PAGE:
Unlike lots of flying car "concepts" out there, the LaBiche Aerospace FSC-1 (Flying Sports Car-1) has actually moved beyond the design stage by flying a prototype. Well, sort of.
This envisioned 180-mile per hour (289.7-kilometer per hour) street, 275-mile per hour (442.6-kilometer per hour) air vehicle has been flight tested as a quarter-scale radio-controlled model. Company officials have also tested and demonstrated the aircraft using a life-size cockpit as the centerpiece of an FSC-1 virtual simulator. As for appearance, you could say it looks like many high-performance supercars, with the only giveaways to its aerial alter ego being numerous doors and hatches that hide flight surfaces. As an airplane, it vaguely resembles many of the lightweight, canard-bearing, revolutionary aircraft that emerged from the designing pen of aviation pioneer Burt Rutan.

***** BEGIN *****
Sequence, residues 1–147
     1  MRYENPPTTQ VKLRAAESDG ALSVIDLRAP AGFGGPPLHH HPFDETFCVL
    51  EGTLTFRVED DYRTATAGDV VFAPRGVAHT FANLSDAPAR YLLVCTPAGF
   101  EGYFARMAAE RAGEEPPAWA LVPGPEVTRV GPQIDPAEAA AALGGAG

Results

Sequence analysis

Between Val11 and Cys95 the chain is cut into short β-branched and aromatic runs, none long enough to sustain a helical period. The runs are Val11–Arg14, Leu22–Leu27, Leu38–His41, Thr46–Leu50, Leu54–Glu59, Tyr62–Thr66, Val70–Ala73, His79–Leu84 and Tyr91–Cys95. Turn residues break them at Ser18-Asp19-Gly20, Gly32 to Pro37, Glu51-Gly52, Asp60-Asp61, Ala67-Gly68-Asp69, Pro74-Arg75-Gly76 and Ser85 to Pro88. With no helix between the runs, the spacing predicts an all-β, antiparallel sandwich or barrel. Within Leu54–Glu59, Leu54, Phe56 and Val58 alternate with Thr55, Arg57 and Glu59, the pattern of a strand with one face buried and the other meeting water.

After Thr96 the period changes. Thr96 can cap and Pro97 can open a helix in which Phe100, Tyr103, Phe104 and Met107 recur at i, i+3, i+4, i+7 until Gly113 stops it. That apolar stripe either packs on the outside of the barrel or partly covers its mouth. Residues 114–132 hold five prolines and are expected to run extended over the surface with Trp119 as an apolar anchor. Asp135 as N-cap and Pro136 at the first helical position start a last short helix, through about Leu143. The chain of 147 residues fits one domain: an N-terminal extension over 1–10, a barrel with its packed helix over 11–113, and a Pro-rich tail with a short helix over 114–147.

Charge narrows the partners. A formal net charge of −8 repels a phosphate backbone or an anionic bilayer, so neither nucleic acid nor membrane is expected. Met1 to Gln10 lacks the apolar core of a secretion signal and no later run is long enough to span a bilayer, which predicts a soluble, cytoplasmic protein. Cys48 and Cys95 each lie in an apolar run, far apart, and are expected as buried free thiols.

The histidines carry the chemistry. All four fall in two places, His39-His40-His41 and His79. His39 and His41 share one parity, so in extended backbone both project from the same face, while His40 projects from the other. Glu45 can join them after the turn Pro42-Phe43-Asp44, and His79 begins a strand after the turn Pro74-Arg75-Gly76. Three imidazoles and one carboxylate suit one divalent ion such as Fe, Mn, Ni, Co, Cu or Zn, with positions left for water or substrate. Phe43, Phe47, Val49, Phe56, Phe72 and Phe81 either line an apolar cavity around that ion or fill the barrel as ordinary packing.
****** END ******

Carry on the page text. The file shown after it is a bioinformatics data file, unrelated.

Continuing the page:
As the name suggests, the FSC-1 is built to deliver sports car performance when in ground mode. The producers say their intent was actually to eliminate all visual hints that the vehicle can fly, so as not to invite passersby to interfere with sensitive air control surfaces when they see the FSC-1 parked.
That means the wings, canard, and distinctive V-tail must fold and stow into hollow areas on the car's body. Projected cost per car (plane) is around $175,000, and the company says it is it will be available "sometime in the near future [source: LaBiche Aerospace]."
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